On April 11, 2016, the European Commission launched a public consultation to evaluate and review Directive 2002/58/EC on the processing of personal data and the protection of privacy in the electronic communications sector, also known as the e-Privacy Directive.
Technological advances and the advent of the EU General Data Protection Regulation (“GDPR”) have prompted the European Commission to review the e-Privacy Directive, which was last updated in 2009.
The review of the e-Privacy Directive has the following three main objectives:
- Assessing the need to further update the e-Privacy rules, which implies assessing the need to broaden the scope of those rules. The e-Privacy Directive currently applies only to traditional telecom providers, and not to over-the-top service providers that provide communications services such as Voice over IP, instant messaging and emailing over social networks.
- Ensuring consistency between the e-Privacy Rules and the future GDPR, including assessing any overlaps between the two (e.g., the notification of data security breaches) and ensuring more uniform implementation and consistent enforcement of the e-Privacy rules (e.g., applying the One-Stop Shop and consistency mechanisms of the GDPR to a new e-Privacy instrument, providing for specific fines in light of the GDPR, etc.).
- Enhancing security and confidentiality of communications throughout the EU, which implies assessing the need for additional legal measures to enforce security obligations. This also implies reviewing the effectiveness of the existing rules, in particular the consent requirement for storing information, or accessing information already stored, on a user’s device (e.g., by facilitating users’ ability to consent by other means) and the list of exceptions to that consent requirement.
The reform of the e-Privacy rules was discussed at a stakeholder workshop organized by the European Commission in Brussels on April 12. The European Commission has encouraged all relevant stakeholders to respond to the consultation through the European Commission’s consultation webpage. The consultation will be open through July 5, 2016. The European Commission also announced that it will conduct a Eurobarometer survey on e-Privacy to determine how European citizens feel about their privacy and confidentiality as well as possible policy actions.
On March 30 through April 1, 2016, the 2016 Nuclear Industry Summit meetings took place in Washington D.C. In the nuclear industry, the issue of cybersecurity has grown steadily in importance over the past decade. This has been most apparent in the increasing attention and effort paid to cyber-based threats under the biennial Nuclear Industry Summit and its international meetings.
The 2016 Nuclear Industry Summit’s Working Group on Managing Cyber Threat identified five conclusion statements to guide its work on cybersecurity issues:
- The threat of cyber attacks is substantial and continues to increase over time.
- The threat encompasses not only sensitive nuclear information, but also Plant Control Systems managing and controlling the nuclear processes within nuclear facilities.
- Developing robust defenses against cyber attacks is about more than meeting regulatory requirements.
- Transparency must be promoted to ensure that the trust of the society is maintained.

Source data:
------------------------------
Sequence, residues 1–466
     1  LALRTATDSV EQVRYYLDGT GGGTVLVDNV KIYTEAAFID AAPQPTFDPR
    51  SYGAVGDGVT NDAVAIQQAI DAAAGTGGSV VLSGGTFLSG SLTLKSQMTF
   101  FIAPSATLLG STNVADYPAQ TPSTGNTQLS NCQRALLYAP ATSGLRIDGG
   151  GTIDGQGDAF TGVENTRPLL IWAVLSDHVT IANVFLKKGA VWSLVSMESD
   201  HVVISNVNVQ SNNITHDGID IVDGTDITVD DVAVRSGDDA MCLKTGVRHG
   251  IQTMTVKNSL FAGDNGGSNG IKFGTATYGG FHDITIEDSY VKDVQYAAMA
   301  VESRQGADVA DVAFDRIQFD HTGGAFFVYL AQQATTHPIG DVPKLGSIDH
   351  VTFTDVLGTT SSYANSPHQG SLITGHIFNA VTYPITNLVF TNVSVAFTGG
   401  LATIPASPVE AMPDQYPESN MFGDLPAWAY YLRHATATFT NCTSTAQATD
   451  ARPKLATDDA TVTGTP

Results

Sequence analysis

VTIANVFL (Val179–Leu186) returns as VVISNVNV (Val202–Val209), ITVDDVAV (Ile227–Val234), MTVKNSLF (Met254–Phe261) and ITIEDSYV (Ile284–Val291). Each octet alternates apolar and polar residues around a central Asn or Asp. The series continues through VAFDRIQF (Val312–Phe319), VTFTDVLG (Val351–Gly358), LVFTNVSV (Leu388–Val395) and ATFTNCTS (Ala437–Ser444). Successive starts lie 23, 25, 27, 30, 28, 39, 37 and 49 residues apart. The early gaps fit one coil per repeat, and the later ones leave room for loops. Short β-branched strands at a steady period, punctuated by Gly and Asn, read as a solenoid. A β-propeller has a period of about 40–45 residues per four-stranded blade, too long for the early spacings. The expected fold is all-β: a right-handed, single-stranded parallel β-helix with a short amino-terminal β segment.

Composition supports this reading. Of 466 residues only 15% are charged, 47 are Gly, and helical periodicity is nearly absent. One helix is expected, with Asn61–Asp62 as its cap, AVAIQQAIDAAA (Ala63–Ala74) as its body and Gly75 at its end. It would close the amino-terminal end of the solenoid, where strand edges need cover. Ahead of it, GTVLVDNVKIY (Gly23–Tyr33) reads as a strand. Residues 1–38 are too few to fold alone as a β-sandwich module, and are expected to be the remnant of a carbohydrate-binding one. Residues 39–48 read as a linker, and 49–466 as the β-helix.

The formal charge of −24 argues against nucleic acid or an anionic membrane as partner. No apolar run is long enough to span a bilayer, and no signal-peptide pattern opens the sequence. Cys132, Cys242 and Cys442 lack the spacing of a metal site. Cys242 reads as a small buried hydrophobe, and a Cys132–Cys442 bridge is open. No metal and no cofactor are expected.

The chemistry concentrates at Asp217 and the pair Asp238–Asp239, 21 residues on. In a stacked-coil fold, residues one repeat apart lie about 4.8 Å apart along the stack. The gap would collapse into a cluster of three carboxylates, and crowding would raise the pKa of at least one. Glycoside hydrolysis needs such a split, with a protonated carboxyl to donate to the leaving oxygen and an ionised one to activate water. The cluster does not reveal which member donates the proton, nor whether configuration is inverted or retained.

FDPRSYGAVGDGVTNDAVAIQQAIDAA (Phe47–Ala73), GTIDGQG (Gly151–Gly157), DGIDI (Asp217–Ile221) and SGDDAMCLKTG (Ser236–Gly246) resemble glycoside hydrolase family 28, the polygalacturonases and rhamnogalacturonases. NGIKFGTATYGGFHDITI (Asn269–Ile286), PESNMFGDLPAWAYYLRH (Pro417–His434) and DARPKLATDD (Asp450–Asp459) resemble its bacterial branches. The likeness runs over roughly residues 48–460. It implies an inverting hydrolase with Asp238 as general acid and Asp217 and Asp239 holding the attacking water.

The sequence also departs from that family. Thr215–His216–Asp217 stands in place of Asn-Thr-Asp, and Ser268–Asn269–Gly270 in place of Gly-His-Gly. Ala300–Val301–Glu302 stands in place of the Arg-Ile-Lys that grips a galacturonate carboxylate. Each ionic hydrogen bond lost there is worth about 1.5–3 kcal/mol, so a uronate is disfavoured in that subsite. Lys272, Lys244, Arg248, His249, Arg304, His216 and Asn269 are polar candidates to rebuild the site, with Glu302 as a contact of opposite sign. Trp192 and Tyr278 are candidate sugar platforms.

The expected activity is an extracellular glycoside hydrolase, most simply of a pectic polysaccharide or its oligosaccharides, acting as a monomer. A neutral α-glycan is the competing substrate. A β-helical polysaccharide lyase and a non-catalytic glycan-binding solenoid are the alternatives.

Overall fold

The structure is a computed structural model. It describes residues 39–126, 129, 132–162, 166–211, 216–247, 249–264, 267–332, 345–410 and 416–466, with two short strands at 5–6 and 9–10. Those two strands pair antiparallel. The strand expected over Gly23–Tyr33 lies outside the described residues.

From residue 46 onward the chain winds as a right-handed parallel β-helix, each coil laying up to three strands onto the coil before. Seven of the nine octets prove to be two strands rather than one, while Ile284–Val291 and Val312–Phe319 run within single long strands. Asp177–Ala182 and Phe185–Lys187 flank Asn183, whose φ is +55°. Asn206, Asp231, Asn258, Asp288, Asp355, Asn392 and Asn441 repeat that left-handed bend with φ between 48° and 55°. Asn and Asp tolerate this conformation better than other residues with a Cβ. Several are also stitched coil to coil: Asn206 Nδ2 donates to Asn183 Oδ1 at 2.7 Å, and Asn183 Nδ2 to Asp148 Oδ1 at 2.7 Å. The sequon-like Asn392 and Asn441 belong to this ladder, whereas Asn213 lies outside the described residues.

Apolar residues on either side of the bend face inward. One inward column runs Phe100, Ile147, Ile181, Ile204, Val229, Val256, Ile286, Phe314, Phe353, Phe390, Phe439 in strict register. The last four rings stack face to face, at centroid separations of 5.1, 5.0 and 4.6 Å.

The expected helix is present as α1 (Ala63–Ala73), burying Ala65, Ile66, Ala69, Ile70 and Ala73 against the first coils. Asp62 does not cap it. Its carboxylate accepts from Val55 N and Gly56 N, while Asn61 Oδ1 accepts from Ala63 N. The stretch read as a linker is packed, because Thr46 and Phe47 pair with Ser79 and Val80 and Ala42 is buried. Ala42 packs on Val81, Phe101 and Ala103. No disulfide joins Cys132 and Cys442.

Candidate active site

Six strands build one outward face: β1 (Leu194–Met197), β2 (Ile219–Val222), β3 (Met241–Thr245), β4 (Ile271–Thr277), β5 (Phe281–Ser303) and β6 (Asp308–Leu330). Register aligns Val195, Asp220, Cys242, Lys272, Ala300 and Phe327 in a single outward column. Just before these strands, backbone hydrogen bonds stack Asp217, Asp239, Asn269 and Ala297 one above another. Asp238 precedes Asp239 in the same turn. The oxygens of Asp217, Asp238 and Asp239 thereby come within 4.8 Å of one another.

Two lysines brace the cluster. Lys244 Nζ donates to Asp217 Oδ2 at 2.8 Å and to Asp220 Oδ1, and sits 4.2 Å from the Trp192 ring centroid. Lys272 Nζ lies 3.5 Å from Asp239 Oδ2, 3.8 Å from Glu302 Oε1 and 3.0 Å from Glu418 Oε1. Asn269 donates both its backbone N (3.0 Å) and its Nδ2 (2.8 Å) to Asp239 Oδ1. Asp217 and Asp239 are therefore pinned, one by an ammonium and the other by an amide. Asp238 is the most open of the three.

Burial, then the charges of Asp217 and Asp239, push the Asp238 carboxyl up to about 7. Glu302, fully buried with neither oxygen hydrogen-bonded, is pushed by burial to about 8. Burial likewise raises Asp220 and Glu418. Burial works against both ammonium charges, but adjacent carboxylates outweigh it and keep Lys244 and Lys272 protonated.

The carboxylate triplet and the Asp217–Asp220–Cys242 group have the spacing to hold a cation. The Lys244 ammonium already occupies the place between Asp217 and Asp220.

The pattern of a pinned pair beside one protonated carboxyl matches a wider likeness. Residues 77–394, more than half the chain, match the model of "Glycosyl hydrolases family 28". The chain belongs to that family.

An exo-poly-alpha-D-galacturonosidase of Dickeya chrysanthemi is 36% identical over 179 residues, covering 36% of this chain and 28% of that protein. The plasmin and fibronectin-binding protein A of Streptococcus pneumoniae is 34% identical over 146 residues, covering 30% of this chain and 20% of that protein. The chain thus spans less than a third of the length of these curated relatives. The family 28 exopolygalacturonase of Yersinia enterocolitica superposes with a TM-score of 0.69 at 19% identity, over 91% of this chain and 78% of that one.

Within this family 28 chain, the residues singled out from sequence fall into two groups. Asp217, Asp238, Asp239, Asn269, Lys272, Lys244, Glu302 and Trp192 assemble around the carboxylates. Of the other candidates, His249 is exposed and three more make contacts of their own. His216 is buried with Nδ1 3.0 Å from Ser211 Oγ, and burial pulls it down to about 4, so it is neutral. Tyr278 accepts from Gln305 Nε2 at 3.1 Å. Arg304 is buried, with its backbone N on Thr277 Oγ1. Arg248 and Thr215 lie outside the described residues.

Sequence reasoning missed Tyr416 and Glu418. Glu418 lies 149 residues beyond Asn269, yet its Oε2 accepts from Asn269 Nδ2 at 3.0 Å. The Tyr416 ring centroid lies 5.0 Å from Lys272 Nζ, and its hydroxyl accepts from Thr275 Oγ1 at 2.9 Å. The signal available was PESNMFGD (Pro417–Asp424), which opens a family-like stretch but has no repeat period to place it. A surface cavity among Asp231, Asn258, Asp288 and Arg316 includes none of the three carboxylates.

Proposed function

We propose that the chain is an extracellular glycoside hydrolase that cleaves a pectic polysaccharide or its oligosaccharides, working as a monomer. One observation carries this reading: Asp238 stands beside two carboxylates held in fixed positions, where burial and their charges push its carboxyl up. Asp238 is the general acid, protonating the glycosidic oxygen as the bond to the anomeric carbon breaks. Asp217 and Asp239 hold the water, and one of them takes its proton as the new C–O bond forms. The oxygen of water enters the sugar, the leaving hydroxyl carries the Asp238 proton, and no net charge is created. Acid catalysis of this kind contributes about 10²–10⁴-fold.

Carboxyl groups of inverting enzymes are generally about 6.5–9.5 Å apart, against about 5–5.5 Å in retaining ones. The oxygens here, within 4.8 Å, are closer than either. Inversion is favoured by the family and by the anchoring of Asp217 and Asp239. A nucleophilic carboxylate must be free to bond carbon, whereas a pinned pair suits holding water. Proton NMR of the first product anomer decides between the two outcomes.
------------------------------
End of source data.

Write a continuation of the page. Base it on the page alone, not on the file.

- The nuclear industry is advised to move from a culture of compliance to a culture of excellence in cybersecurity.
The Working Group’s report, issued in conjunction with the Nuclear Industry Summit’s meeting, elaborates upon these recommendations.
Welcome to another episode of Hack Naked TV recorded April 8th 2016. Aaron covers the Panama Papers, Cyber-Insurance, Ransomware, Hacking Team, and the Pentagon's bug bounty program.
After much debate, the final version of the EU General Data Protection Regulation (“GDPR”) is expected to be adopted by the European Parliament this week and to take effect in early 2018. The GDPR will significantly change EU data protection law in several areas, affecting all businesses in the energy, financial, health care, real estate, manufacturing, retail, technology and transportation industries, among others. To assist in-house lawyers and privacy professionals with understanding the new GDPR and planning ahead for implementation, Hunton & Williams’ Privacy and Cybersecurity practice lawyers have released The EU General Data Protection Regulation, a Guide for In-House Lawyers covering these strategic areas:
- jurisdiction and territorial scope
- enforcement, sanctions and penalties
- supervisory authorities
- privacy by design and by default
- data breach reporting
- obligations of processors
- processing conditions
- anonymization and pseudonymization
- cross-border data transfers
- binding corporate rules
- seals, certifications and codes of conduct
- other areas remaining unharmonized
We interview James Lyne from SANS. He comes from a background in cryptography but over the years has worked in a wide variety of security problem domains including anti-malware and hacking. James spent many years as a hands-on analyst dealing with deep technical issues and is a self-professed "massive geek".
Team helps companies devise legal strategies to enhance security and mitigate threat risk.
On April 4, 2016, Hunton & Williams LLP announced the formation of a Cyber and Physical Security Task Force to assist companies in minimizing the risks and consequences of a serious security incident. The task force is being led by global privacy and cybersecurity head Lisa Sotto, cybersecurity partner Paul Tiao, and energy partner Kevin Jones, and includes lawyers from a wide range of practice groups within the firm.
“Companies everywhere are facing the unfortunate reality of increased cyber and physical security threats, and they must address these risks and safeguard mission-critical assets while also navigating an increasingly complex legal and policy environment,” said Lisa Sotto. “The creation of a dedicated, multidisciplinary task force will enable us to help clients address these evolving challenges even more effectively and comprehensively.”